• Less of a Four Season Trailer – The Pop Up would not be a great choice in really cold weather. You can take a winterized travel trailer and stay warm in it in cold weather but the pop -up will offer less cold protection.
  • Noisy – In heavy winds and rain the pop up can be a noisy option. The canvas snaps in the wind and the rain can sound like a real weather event on the canvas sides.

A Pop Up trailer is a great way to transition from tent camping to RVing. You get the same feel with the wide open windows and view and you are off the ground. You can use a Pop Up forever or transition to a travel trailer or RVer. They are an inexpensive, low maintenance way to get started RVing.

Mary Ellen and her friend Darlene traveled from Arizona to Waxahachie, Texas to participate in our Wonderful Women of Waxahachie event last April. It was there first time traveling without spouses and doing all the RV chores alone.

Mary Ellen Arndorfer and her family bought a Pop Up as a step up from tent camping. They were reluctant to leave “real” camping behind. The kind of camping where you are actually outdoors and not watching television in your air conditioned trailer when you end the day. The Pop Up accomplished a few things for them. They were able to get out of tents and off the ground. They were able to enter the RV world without making a big financial commitment. They have loved their Pop Up because they feel connected to the outdoors when they are in it enjoying all the windows it offers.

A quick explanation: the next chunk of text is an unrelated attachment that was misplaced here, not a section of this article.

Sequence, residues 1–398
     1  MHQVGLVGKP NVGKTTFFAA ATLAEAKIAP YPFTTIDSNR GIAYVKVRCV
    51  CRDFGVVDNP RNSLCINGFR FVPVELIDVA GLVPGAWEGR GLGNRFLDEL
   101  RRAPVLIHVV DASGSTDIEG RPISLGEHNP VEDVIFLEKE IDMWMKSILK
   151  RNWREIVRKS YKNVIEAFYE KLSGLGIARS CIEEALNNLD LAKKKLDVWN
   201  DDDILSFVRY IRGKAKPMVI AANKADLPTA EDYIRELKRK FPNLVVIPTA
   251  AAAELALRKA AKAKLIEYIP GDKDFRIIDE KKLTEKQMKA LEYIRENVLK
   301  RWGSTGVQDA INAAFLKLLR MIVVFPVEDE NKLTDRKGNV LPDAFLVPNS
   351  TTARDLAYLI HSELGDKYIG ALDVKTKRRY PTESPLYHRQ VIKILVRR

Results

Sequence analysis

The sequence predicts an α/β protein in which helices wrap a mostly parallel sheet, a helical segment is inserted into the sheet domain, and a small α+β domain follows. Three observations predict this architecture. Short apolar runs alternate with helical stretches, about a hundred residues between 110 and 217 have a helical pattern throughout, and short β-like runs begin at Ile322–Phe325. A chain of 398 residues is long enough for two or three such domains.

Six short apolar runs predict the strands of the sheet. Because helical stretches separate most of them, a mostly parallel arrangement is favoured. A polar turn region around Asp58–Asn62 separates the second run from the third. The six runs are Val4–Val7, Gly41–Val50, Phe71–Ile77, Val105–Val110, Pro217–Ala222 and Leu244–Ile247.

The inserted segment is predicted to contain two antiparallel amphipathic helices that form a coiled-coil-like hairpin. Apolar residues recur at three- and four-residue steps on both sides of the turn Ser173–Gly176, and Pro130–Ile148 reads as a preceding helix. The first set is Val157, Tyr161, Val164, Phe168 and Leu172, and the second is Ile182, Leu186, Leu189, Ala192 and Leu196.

Mary Ellen’s family bought a vintage Avion but still use their pop up most of the time.













Mary Ellen shares her story today on the podcast and it’s one that will resonate with a lot of people. Even if you never left the safety of corporate America to become a River Guide in the Grand Canyon, chances are you thought about it or something similar. Creating the life you want when you are in your thirties can be scary but she did just that. She is now preparing for the next stage of life when she becomes an empty-nester and can get back to the things she enjoyed before being blessed with a wonderful daughter. In January she will be premiering her website, www.campergroove.com. You can click the link below to hear Mary Ellen share her story and follow her on Instagram at Campergroove.

A tranquil scene captured by Mary Ellen at our event in Waxahachie last year.


Other RV  Pros and Cons Episodes

In Episode 117 we Reimagined the Toy Hauler.

We explored the Class B with Girl Camper Carole Steinberg.

Episode 121 was dedicated to the Class C.

In August we covered the pros and cons of the Teardrop trailer .

In Episode 149 we explored the Class A Motorhome with Jo Lynn Black.


Camco’s Globe lights are available in 6 or 10 light strands! I think they’re so cheery!